A railway line all along Meghalaya’s 443-km-long border with Bangladesh sounds quite a dream. By making the proposal, chief minister Mukul Sangma has shown his visionary outlook. He will be remembered in the books of history, if government of India gives a go ahead to such a project, and, most importantly, if the project becomes a reality. There is a huge gap between Centre agreeing to an ambitious project and its materialisation, in Meghalaya. Unlike other states of the Northeast, there is opposition to almost every Centrally-sponsored project in the state. The much-hyped uranium mining project did not even see the light of the day. The major voice of opposition raised in other parts of the region is against big dams, which is not the case in Meghalaya. Except for a few voice of protest coming from Meghalaya-Assam border areas, mostly concerned over displacement and compensation, no prominent civil society groups spare any time for these issues. They emerged ‘victorious’ in scuttling the uranium mining project citing health hazard, but still turn a blind eye to drastic change in topography and water resources by rampant coal and limestone mining. The reasons are obvious – coal and cement yield direct income unlike uranium because the latter cannot be mined by any Tom, Dick, and Harry.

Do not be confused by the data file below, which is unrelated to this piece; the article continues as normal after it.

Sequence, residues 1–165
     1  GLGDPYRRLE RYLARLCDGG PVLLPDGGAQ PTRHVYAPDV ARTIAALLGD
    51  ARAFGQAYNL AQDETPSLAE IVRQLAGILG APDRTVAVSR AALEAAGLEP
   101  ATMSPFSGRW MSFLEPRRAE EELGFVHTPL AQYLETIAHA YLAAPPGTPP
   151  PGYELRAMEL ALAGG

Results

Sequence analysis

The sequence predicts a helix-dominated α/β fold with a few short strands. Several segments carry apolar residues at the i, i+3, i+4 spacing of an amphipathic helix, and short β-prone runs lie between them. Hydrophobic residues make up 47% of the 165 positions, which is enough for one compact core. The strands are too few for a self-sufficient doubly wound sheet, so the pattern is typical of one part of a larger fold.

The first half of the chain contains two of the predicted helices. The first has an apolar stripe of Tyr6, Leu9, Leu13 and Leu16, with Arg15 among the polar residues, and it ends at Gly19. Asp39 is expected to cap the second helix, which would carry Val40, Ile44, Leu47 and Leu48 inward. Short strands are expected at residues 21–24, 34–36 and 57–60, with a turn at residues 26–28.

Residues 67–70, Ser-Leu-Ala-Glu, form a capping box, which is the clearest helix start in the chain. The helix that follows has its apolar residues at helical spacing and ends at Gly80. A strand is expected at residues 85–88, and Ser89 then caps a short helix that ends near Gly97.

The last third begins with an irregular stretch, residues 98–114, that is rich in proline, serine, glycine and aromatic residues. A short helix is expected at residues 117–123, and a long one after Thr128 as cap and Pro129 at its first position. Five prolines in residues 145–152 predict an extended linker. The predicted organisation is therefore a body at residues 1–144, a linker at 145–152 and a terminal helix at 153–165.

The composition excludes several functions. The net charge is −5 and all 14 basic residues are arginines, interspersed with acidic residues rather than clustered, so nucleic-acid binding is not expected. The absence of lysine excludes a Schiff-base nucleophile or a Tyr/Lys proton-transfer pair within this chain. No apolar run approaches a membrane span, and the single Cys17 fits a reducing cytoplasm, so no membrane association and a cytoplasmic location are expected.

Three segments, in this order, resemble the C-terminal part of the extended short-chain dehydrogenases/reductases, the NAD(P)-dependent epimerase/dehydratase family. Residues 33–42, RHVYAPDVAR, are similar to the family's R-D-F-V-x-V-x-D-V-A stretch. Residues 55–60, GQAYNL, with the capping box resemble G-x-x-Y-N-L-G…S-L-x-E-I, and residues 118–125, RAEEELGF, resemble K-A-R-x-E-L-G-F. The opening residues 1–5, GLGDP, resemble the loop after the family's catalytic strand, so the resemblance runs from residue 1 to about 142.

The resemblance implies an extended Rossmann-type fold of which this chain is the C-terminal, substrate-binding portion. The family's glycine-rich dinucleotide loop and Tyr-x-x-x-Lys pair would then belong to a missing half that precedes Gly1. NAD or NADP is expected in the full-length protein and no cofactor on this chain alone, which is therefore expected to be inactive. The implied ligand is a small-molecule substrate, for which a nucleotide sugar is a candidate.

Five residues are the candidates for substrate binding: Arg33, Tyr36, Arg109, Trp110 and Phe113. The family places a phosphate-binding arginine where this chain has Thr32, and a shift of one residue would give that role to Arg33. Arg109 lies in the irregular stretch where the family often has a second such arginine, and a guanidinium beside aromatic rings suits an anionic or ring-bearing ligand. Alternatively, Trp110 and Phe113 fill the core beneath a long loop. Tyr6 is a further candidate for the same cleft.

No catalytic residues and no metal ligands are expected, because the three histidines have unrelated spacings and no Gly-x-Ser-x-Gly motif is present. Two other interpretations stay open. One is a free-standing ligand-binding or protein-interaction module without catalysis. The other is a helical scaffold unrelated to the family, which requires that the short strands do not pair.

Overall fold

It has been decades since the Centre approved a railway line to connect the state with the rest of the country. Yet, it is far from being a reality although the Railways is hopeful of meeting the deadline of the 20-km-long Dudhnoi-Mendipathar line to connect Garo Hills by March, 2014. Keeping in view the local resistance, the state is highly unlikely to have the dream line along its international border overlooking the plains of Bangladesh. Such a project would really open the floodgates of trade with the neighbouring country, which is a massive market considering its population compared to the hilly states of Northeast. The region can exploit the advantage of superior Indian technology coupled with special incentives to tap the market of the land, which was the British India till 1947. However, it remains to be seen as to how far the state government can pursue with the Centre to get a green signal for the ‘national project’.
(Published as editorial in The Meghalaya Guardian on Dec 5, 2013)